On November 29, 2020, Judge Vasquez certified a class of “All persons and entities who purchased the common stock of Celgene Corp. between April 27, 2017 through and April 27, 2018, and were damaged thereby” and appointed Kessler Topaz Meltzer & Check as Class Counsel.

    On July 9, 2021, Plaintiff moved to amend the Second Amended Complaint and file the Third Amended Complaint, which alleged a new statement regarding Otezla, and added new allegations based on evidence obtained in discovery regarding Ozanimod. On February 24, 2022, Magistrate Judge James B. Clark granted the motion to amend, which Defendants appealed. On June 1, 2022, Judge Vazquez issued an opinion denying Defendants’ appeal. Expert discovery is ongoing.

    Read Second Amended Consolidated Class Action Complaint Here

    Read Opinion Granting and Denying in Part Motion to Dismiss Here

    Read Opinion Granting Class Certification Here

    Click Here to Read the Class Notice

  • CASE CAPTION          Sjunde AP-Fonden v. The Goldman Sachs Group, Inc. et al.
    COURT United States District Court for the Southern District of New York
    CASE NUMBER 1:18-cv-12084-VSB
    JUDGE Honorable Vernon S. Broderick
    PLAINTIFF Sjunde AP-Fonden (“AP7”)
    DEFENDANTS The Goldman Sachs Group (“Goldman Sachs” or the “Company”), Lloyd C. Blankfein, Gary D. Cohn, and Harvey M. Schwartz
    CLASS PERIOD February 28, 2014 to December 20, 2018, inclusive

    This securities fraud class action case arises out of Goldman Sachs’ role in the 1Malaysia Development Berhad (“1MDB”) money laundering scandal, one of the largest financial frauds in recent memory.

    In 2012 and 2013, Goldman served as the underwriter for 1MDB, the Malaysia state investment fund masterminded by financier Jho Low, in connection with three state-guaranteed bond offerings that raised over $6.5 billion. Goldman netted $600 million in fees for the three bond offerings—over 100 times the customary fee for comparable deals.

    In concert with Goldman, Low and other conspirators including government officials from Malaysia, Saudi Arabia, and the United Arab Emirates ran an expansive bribery ring, siphoning $4.5 billion from the bond deals that Goldman peddled as investments for Malaysian state energy projects. In actuality, the deals were shell transactions used to facilitate the historic money laundering scheme. Nearly $700 million of the diverted funds ended up in the private bank account of Najib Razak, Malaysia’s now-disgraced prime minister who was convicted for abuse of power in 2020. Other funds were funneled to Low and his associates and were used to buy luxury real estate in New York and Paris, super yachts, and even help finance the 2013 film “The Wolf of Wall Street.”

    AP7 filed a 200-page complaint in October 2019 on behalf of a putative class of investors alleging that Goldman and its former executives, including former CEO Lloyd Blankfein and former President Gary Cohn, violated Section 10(b) of the Securities Exchange Act by making false and misleading statements about Goldman’s role in the 1MDB fraud. As alleged, when media reports began to surface about the collapse of 1MDB, Goldman denied any involvement in the criminal scheme. Simultaneously, Goldman misrepresented its risk controls and continued to falsely tout the robustness of its compliance measures. Following a series of revelations about investigations into allegations of money laundering and corruption at 1MDB, Goldman’s stock price fell precipitously, causing significant losses and damages to the Company’s investors.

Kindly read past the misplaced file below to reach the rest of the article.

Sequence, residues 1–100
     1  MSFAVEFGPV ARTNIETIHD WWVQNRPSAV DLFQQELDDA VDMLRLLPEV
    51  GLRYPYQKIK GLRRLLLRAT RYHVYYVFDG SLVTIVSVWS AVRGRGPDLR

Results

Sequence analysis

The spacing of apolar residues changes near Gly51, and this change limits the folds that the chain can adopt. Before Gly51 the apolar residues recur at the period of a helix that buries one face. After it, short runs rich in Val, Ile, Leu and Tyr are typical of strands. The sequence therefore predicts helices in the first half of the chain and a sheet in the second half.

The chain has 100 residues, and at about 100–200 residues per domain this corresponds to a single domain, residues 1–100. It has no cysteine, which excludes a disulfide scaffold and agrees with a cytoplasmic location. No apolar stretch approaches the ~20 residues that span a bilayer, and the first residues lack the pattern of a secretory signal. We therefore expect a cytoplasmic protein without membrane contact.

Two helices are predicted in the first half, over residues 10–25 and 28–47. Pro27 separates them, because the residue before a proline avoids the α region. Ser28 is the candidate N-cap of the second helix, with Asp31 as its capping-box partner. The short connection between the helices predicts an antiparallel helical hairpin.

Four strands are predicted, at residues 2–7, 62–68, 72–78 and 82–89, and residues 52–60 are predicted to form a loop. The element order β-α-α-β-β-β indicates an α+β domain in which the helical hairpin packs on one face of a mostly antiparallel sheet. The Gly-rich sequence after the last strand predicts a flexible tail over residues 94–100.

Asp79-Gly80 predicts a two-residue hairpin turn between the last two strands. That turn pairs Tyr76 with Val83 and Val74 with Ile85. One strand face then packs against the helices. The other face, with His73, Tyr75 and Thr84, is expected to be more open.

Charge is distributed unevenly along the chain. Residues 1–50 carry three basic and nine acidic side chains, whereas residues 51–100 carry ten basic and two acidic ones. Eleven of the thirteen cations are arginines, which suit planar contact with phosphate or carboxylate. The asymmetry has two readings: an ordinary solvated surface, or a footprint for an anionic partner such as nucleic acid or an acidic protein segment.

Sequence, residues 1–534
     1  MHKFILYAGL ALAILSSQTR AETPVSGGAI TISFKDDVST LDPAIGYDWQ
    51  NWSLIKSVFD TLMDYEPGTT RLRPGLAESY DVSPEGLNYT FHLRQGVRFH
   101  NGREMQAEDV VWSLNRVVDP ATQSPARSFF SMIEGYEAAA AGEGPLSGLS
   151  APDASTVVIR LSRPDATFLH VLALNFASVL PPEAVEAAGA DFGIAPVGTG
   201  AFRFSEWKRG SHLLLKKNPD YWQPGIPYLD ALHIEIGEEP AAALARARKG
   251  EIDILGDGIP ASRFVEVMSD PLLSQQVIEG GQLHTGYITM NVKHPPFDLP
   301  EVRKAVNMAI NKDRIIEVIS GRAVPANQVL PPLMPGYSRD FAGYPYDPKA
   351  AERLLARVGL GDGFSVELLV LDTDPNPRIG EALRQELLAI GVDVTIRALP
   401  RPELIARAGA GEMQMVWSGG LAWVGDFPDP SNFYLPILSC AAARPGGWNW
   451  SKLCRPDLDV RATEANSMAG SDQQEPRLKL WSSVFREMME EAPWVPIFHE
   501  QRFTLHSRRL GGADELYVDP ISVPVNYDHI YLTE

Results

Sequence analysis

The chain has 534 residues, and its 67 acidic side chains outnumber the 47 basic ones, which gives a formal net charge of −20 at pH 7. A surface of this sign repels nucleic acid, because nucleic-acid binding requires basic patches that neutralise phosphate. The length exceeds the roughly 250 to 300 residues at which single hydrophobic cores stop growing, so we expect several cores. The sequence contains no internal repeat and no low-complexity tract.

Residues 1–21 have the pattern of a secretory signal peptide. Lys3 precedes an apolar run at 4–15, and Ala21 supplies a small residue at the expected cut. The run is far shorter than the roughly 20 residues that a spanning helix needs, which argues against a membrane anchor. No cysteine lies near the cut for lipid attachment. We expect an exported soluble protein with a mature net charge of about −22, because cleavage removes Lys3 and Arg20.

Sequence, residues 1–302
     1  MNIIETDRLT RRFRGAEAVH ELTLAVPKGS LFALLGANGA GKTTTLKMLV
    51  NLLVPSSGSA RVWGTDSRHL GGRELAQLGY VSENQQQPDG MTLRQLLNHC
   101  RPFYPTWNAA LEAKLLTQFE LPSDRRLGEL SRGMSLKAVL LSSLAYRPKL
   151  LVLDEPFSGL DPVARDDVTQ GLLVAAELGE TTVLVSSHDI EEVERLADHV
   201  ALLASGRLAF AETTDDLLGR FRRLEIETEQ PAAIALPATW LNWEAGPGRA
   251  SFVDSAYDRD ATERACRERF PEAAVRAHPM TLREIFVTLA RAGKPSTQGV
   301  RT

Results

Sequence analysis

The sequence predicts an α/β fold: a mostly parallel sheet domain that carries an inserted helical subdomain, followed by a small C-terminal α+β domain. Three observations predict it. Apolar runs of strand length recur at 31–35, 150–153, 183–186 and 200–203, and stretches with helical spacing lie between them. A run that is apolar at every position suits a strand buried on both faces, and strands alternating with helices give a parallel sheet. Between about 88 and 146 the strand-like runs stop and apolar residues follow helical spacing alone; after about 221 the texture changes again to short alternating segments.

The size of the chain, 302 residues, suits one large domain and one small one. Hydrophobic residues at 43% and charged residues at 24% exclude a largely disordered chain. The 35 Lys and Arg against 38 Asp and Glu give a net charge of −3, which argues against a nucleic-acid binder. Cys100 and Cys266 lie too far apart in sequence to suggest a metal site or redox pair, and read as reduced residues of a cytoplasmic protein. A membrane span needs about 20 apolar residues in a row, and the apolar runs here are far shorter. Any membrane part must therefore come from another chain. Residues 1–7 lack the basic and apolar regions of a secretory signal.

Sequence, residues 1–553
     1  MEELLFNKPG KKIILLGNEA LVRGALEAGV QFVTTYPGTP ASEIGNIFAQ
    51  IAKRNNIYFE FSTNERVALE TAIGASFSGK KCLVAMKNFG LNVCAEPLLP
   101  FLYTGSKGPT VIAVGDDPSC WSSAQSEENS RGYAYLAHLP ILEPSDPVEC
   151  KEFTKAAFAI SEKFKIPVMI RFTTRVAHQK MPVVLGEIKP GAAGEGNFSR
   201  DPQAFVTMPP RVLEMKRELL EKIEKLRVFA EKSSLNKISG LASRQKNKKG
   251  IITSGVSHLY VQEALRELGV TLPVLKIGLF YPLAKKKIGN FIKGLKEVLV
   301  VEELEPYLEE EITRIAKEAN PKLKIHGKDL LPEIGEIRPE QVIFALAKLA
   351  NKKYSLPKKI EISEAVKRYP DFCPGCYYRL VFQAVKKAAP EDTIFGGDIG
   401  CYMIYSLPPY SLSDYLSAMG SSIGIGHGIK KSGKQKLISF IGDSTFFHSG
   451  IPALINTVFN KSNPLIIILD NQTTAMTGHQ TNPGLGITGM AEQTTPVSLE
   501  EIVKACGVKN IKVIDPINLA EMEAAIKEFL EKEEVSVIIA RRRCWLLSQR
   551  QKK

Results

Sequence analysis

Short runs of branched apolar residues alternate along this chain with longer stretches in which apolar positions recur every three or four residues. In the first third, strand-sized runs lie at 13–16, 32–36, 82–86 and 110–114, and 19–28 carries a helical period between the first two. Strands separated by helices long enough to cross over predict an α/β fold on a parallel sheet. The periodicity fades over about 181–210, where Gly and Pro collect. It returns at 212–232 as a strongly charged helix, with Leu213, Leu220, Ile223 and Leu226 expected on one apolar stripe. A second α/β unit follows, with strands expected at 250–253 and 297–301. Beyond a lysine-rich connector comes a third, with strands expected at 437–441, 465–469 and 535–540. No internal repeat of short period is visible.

In October 2020, the U.S. Department of Justice announced that Goldman’s Malaysia subsidiary had pled guilty to violating the Foreign Corrupt Practices Act (“FCPA”) which criminalizes the payment of bribes to foreign officials, and that Goldman had agreed to pay $2.9 billion pursuant to a deferred prosecution agreement. This amount includes the largest ever penalty under the FCPA.

    On June 28, 2021, The Honorable Vernon S. Broderick of the U.S. District Court for the Southern District of New York sustained Plaintiffs’ complaint in a 44-page published opinion.  Plaintiffs moved for class certification in November 2021.  That motion is fully briefed and pending before the Court. The case is in fact discovery.

    Read Second Amended Class Action Complaint Here

    Read Opinion and Order Granting and Denying in Part Motion to Dismiss Here 

    Read Motion for Class Certification Here

  • CASE CAPTION     In re Mylan N.V. Securities Litigation
    COURT United States District Court for the Western District of Pennsylvania
    CASE NUMBER 2:20-cv-00955-NR
    JUDGE Honorable J. Nicholas Ranjan
    PLAINTIFF Public Employees’ Retirement System of Mississippi (“MPERS”)
    DEFENDANTS Mylan N.V. (“Mylan” or the “Company”), Heather Bresch, Rajiv Malik, Anthony Mauro, and Kenneth Parks
    CLASS PERIOD February 16, 2016 through May 7, 2019, inclusive

    This securities fraud class action stems from Defendants’ promotion of Mylan’s unique ability to manufacture quality drugs across a broad product line while concealing that the Company was experiencing widespread product quality issues at its manufacturing facilities, including at its flagship manufacturing plant in Morgantown, West Virginia.